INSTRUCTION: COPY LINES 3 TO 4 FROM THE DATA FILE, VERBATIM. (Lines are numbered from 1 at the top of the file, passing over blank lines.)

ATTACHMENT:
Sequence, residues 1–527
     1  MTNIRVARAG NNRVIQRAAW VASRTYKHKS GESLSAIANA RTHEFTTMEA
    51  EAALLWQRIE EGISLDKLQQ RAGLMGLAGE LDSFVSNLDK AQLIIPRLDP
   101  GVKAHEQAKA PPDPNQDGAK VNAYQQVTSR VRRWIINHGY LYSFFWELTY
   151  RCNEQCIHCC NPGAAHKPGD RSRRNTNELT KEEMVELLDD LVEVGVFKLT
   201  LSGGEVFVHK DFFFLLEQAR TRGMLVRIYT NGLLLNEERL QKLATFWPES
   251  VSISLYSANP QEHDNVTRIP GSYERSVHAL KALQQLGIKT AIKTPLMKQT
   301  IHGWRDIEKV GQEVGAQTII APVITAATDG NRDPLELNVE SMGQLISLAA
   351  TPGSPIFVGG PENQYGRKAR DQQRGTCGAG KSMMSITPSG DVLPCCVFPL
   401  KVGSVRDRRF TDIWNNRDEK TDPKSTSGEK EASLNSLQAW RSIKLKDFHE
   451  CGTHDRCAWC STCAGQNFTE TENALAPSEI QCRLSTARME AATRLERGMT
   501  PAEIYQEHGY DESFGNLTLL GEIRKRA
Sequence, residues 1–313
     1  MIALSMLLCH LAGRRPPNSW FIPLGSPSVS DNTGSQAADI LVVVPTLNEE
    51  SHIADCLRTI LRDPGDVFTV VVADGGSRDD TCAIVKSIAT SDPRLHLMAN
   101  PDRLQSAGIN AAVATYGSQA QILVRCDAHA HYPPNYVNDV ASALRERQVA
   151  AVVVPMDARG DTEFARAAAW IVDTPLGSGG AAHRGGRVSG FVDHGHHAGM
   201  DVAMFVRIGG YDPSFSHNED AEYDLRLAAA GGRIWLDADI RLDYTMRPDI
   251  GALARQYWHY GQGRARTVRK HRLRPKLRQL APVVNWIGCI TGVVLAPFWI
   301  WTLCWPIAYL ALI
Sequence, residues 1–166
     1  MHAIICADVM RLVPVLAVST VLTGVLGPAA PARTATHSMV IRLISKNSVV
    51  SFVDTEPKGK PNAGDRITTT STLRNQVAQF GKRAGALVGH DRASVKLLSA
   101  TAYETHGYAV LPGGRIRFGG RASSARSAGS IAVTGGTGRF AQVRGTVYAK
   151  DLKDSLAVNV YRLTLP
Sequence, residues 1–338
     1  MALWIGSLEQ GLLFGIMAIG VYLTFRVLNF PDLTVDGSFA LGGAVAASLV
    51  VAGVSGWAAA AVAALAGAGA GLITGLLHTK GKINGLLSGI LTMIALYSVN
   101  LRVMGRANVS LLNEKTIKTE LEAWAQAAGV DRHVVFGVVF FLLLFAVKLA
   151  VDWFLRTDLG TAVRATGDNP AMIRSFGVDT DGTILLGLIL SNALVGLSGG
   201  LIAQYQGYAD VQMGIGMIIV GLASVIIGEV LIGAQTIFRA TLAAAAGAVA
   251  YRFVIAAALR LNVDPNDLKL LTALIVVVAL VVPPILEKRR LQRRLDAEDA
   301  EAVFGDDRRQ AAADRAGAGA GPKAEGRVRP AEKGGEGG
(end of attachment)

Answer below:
    51  EAALLWQRIE EGISLDKLQQ RAGLMGLAGE LDSFVSNLDK AQLIIPRLDP
   101  GVKAHEQAKA PPDPNQDGAK VNAYQQVTSR VRRWIINHGY LYSFFWELTY